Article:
“We love classical products which are beautifully and simply presented with credible provenance. The provenance issue is much more important than just being local, and while we promote produce from our home county of Yorkshire, our stock covers a broad range of high quality products from around the world. But, sometimes, the reality is we just immediately know we want to stock a product – the love at first sight scenario. They often turn out to be our most successful ranges.”
“Products being made primarily with machinery in large batches aren’t going to have the attention-to-detail that most retailers are looking for”
Award-winning charcuterie expert and owner of Denver-based deli and salumeria Il Porcellino, Bill Miner, walks us through curating cured meats and the American charcuterie scene:
“Retailers should be looking for how the charcuterie is made, where it’s processed and how big the company is. There are many factors that go into making a quality salami. Small batches of the production lends to a more artisanal, hands-on product. Products being made primarily with machinery in large batches aren’t going to have the attention-to-detail that most retailers are looking for. We hand-trim all of our raw pork through a process called seam butchery, removing any sinew and unwanted silver skin in the pork. This ensures that there are no pieces that get stuck in your teeth while eating the finished product.
“Provenance isn’t as important as using heritage breed pigs which are raised properly. That being said, we source our meat locally, because Colorado has some fantastic farms that live up to the standards we’re seeking. Animals that are raised on-pasture, allowed to roam freely and graze, are happy pigs. They are fed a vegetarian diet with non-GMO grains and legumes. A higher quality raw product definitely lends itself to a higher quality finished product.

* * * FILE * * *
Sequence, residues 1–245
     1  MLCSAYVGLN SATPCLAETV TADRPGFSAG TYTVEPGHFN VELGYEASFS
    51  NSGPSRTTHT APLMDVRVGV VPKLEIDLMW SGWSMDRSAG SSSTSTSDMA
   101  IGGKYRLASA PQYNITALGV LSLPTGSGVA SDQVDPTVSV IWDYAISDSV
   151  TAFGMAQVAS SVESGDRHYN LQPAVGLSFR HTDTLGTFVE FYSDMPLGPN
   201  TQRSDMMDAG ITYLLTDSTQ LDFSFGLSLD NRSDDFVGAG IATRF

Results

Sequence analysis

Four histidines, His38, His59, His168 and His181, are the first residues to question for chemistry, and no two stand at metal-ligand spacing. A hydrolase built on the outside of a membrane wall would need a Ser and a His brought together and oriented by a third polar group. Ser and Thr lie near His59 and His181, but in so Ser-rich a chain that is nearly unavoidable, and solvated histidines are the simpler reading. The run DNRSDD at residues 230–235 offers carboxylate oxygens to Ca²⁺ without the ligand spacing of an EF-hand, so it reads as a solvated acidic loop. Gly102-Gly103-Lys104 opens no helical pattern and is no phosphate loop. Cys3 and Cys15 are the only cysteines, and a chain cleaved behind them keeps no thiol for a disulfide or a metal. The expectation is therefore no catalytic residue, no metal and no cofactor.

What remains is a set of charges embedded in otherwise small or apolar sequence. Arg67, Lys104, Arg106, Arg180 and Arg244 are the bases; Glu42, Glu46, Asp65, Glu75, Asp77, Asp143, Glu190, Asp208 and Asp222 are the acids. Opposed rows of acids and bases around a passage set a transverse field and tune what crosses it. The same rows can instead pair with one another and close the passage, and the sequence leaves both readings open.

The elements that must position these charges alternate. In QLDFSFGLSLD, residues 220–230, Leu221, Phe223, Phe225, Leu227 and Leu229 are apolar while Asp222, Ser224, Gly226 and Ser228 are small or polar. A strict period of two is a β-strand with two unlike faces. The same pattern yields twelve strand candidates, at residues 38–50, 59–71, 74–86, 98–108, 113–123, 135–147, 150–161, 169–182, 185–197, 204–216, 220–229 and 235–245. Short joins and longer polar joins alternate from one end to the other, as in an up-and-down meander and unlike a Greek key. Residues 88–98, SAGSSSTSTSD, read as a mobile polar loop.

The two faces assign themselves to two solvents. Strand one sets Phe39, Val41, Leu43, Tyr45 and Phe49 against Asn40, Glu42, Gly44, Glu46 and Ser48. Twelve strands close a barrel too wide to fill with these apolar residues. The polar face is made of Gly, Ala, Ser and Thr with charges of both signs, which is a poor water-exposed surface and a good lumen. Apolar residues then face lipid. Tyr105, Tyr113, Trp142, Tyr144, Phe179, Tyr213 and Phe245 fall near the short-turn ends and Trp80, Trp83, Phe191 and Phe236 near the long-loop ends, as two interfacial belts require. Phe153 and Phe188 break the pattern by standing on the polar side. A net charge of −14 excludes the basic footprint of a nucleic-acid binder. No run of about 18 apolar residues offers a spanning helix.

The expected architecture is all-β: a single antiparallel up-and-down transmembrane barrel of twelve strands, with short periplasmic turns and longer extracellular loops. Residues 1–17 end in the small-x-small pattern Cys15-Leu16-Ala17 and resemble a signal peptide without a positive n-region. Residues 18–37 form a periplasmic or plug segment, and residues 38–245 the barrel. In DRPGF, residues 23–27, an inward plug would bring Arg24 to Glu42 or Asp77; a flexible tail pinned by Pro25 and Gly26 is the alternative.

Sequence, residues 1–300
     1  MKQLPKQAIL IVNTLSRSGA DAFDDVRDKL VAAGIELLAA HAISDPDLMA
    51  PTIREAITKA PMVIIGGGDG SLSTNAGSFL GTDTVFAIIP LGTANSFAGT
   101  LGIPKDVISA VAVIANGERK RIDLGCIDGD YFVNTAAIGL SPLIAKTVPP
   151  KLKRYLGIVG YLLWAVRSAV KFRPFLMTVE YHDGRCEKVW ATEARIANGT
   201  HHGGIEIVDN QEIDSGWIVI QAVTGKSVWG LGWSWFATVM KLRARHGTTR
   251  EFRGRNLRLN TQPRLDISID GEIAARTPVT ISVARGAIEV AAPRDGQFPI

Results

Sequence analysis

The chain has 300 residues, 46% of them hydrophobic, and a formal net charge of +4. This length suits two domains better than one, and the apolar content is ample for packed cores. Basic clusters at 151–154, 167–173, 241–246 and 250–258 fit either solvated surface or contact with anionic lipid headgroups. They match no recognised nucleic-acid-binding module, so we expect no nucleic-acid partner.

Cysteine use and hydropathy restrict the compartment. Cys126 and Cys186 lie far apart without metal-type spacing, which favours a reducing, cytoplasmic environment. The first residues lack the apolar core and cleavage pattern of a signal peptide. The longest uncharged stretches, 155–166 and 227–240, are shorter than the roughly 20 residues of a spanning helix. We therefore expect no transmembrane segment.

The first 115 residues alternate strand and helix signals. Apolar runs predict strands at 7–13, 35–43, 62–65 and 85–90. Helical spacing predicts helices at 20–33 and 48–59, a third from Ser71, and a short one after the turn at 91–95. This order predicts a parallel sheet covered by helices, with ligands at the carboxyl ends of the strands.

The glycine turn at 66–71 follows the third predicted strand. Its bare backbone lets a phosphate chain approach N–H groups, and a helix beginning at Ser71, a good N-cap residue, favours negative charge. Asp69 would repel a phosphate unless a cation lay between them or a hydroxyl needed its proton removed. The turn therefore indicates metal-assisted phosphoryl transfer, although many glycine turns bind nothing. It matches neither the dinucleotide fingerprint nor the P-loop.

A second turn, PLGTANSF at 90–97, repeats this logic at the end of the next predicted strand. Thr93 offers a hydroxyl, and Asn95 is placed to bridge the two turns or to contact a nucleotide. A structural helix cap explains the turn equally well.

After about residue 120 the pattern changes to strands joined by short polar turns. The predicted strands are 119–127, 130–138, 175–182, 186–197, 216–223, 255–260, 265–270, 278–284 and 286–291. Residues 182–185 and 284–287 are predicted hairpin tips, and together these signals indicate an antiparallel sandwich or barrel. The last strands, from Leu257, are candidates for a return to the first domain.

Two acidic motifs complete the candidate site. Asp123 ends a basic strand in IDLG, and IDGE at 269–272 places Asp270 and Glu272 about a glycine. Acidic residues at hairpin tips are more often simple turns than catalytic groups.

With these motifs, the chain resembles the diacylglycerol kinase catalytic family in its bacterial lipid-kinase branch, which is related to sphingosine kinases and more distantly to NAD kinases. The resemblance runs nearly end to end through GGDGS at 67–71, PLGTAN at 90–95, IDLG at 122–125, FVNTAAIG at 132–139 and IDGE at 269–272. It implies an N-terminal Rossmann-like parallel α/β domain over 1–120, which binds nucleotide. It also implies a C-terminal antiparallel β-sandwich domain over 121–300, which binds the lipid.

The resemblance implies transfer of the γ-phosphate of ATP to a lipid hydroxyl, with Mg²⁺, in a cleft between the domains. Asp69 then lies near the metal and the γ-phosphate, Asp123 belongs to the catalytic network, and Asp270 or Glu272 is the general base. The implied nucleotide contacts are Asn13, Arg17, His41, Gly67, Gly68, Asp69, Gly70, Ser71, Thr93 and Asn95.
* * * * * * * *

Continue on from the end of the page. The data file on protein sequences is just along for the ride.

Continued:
“An example of a great charcuterie selection must include one small-gauge salami that’s packed full of flavour. As well as one large-gauge, sliceable and spicy salami, something different like a beef bresaola or lamb proscuitto, a succulent whole-muscle pork product like coppa or lonza with plenty of fat in it, then maybe a nice pâté or rillette. And, of course, some type of smoked sausage, like Toulouse.
“Wine and beer obviously pair well with charcuterie. But so do some higher-end spirits, such as artisanal gin or small-batch tequila, too.
“The business of American charcuterie is experiencing a boom much like cheesemaking did 25 years ago. There’s a fair amount of artisanal salumi and charcuterie makers in America, and their businesses are growing rapidly. We went from having three full-time employees in February to now eight full-time and five part-time – that’s pretty significant growth in six months!”
“Our customers are our main source of inspiration”
Cheese is big business for The Hungry Guest Shop in Petworth, Sussex, which was recently voted Best Independent Retailer in London and the South East in the Great British Food Awards. Vicki Hitchcock, manager, explains how her team ensures that they are only stocking the best:
“We work with some individual producers – particularly of local cheeses – and we’re blessed to be able to source products with tremendous variety and quality. Also, we do business with some wholesalers who know we ensure we have the very best in terms of provenance and authenticity, which is what our customers expect. We love to support local producers and to combine that with the very best the rest of the world has to offer. A new product needs to be better than whatever it replaces, and we think everything on our shelves has thoroughly earned the right to be there!
“We have a number of real cheese enthusiasts in the team, and we’re always on the lookout for things we haven’t tried before, but honestly, our customers are our main source of inspiration. They’re very knowledgeable and specific with their requests, which is great as it keeps us on our toes and trying new cheeses!
“We really don’t get too much time to be at trade shows unfortunately, and when we do get out it tends to be to the consumer shows, such as BBC Good Food. As we have a full-offer grocery shop, so it’s important that we’re up with the latest consumer trends across all categories.”